Building a solar fountain
If you are looking to build a solar fountain then, rest assured, solar fountains are one of the easiest and straightforward DIY solar projects and suitable for any skill level.
Solar panels and pumps work well when combined and you can. literally, connect the two wires that come from a solar panel to the pump and the pump will run when the panel is in daylight- the more daylight the better the pump runs.
A basic solar fountain setup consists of the following parts:
- A fountain ( this would be the actual fountain structure)
- A lower water reservoir
- The pump
- Some tubing to carry the water to and from the pump
- A source of power ( in this case solar panel)
On some fountains an upper reservoir is used to hold water, which is then used for the fountain, this type of system can help to maintain a steady flow of water on a cloudy day. When there is plenty of light the reservoir fills with water and then when it is shady or overcast there is plenty of water to keep the fountain in business.
You can build a solar fountain to be any size that you like, and it can be indoors or outside, the options are endless and subject to your imagination, you can create a fountain that sprays the water up like a traditional fountain or you could have more of a cascading effect where the water trickles and gurgles down.
It’s possible to make a solar fountain from as little as $50 or you could really go for it and spend thousands.
DIY solar fountains come in all shapes and sizes so there are options for everyone.
Making a basic solar fountain
An easy diy solar fountain can be made from two halves of a barrel or a plastic barrel cut into two separate halves.
With one half of the barrel positioned underneath the other and slightly to one side, the pump draws water from the lower half, deposits it into the top and, via a faucet, drain or pipe the water drains from the top half back into the bottom, where, the process starts all over again.
This gives you an idea of look...
The parts that you'll need are:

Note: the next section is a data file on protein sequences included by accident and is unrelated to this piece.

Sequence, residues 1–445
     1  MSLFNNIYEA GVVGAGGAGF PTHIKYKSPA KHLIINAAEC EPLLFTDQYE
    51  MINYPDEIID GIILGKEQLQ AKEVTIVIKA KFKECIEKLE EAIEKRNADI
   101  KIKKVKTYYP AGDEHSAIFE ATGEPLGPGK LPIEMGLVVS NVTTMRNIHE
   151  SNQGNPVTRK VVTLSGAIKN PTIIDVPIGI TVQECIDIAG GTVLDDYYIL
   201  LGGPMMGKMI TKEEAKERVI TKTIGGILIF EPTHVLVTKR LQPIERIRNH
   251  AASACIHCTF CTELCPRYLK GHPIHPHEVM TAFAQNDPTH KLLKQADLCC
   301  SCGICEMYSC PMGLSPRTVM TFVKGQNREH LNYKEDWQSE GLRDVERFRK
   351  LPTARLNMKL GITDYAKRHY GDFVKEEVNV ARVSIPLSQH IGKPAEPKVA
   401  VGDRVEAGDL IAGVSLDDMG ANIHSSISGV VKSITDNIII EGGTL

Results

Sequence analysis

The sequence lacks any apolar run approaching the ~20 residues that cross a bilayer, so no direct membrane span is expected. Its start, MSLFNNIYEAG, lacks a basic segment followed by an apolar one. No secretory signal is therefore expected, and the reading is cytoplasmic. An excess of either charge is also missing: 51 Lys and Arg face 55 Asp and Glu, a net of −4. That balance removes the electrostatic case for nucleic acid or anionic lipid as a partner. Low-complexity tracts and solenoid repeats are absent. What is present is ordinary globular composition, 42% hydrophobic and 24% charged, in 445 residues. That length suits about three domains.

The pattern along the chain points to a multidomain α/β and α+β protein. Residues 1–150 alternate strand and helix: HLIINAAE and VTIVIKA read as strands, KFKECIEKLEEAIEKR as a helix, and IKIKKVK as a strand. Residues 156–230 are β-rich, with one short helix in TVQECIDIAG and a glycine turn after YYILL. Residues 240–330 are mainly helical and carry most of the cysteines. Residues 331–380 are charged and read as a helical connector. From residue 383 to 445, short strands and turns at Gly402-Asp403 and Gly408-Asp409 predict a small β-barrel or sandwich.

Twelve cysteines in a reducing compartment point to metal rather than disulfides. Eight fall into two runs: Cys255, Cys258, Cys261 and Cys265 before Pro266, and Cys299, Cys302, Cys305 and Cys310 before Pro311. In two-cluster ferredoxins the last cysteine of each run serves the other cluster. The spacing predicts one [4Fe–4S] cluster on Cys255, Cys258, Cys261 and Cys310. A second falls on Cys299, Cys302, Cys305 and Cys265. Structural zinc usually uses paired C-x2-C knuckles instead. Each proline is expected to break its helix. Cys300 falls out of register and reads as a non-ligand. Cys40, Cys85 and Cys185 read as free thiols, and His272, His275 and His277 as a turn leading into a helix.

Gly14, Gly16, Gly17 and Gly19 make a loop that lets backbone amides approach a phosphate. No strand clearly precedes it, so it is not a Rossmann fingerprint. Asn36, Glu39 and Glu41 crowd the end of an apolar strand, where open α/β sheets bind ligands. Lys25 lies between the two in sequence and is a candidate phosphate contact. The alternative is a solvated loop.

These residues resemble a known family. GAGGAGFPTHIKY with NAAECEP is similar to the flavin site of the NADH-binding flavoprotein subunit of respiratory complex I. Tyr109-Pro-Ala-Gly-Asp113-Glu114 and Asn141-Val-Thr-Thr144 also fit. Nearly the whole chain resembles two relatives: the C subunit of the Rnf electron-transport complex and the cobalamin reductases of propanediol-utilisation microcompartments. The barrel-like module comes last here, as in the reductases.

- Two halves of a barrel or other container – they need to be watertight. You can often buy oak barrels at garden centers or nurseries – try to buy them already halved, cutting them in half yourself is a difficult job.
- Clear sealant – use this to seal any cracks and leaks that you find.
- A strong support for the uppermost barrel. Ideally this would be made from bricks or blocks, remember water is heavy and a barrel full of water could cause injury or damage if it fell over. Keep the top reservoir as level as possible. The lower one can rest on the floor, its back edge supporting the top half.
- A valve. In the picture above a handpump style faucet is being used for the water flow. Yiu can let you imagination run wild here and use a whole variety of things. An old tap, a suitably drilled garden gnome, a statue, even an old teapot – the list is endless and up to you. Consider the route that the piping needs to take and whether you need to get any additional fittings to keep things secure.
- A 12 volt DC submersible pump that can pump at least 0.5 gallons per minute with 2 feet of head pressure. If you are making a large solar fountain then you’ll likely need a higher capacity pump. Most stores can help with your needs and are happy to provide advice.
- Plastic tubing that can connect to the pump – aim the get about four feet of this. Clear is best as it is less visible.
- a 5 watt or larger solar panel with a 12 volt output. Try to match the power of the panel to the needs of the pump. You can often buy complete kits with panel and pump from retailers or online.
- A means of mounting the solar panel. Some panels come with their own stakes so that you can shove them into the ground, others will need some means of securing them to prevent damage and movement. try to position the panel where it will get most sunlight across the course of the day.
- Wires to connect the solar panel to the pump.
- An on/off switch.
Putting it all together
- Seal any leaks in the barrels with with silicone sealer. In one of the barrel halves drill a hole near to the bottom and install the faucet that you have chosen. In the same barrel drill another hole about an inch from the top – this will serve as an overflow.
- Put the top and bottom halves of the barrels together in their final positions, put the upper part onto its support securely.
- Install the solar panel and pump – the pump goes into the bottom barrel half, as low as possible. The solar panel should be in as much sunshine as possible. The tubing from the pump goes into the top reservoir.
- Complete the wiring, connect the solar panel to the switch and the switch to the pump. Keep your wiring as short as possible and make neat and tidy connections to reduce the risks of failure.
Working DIY Solar Fountain
With the switch in the ‘off’ position and the faucet valve also closed, fill the upper reservoir with water one quarter full.
Fill the lower reservoir with water until it is an inch from the top, and then turn the switch on.
Adjust the faucet valve until the upper reservoir fills slowly on a sunny day.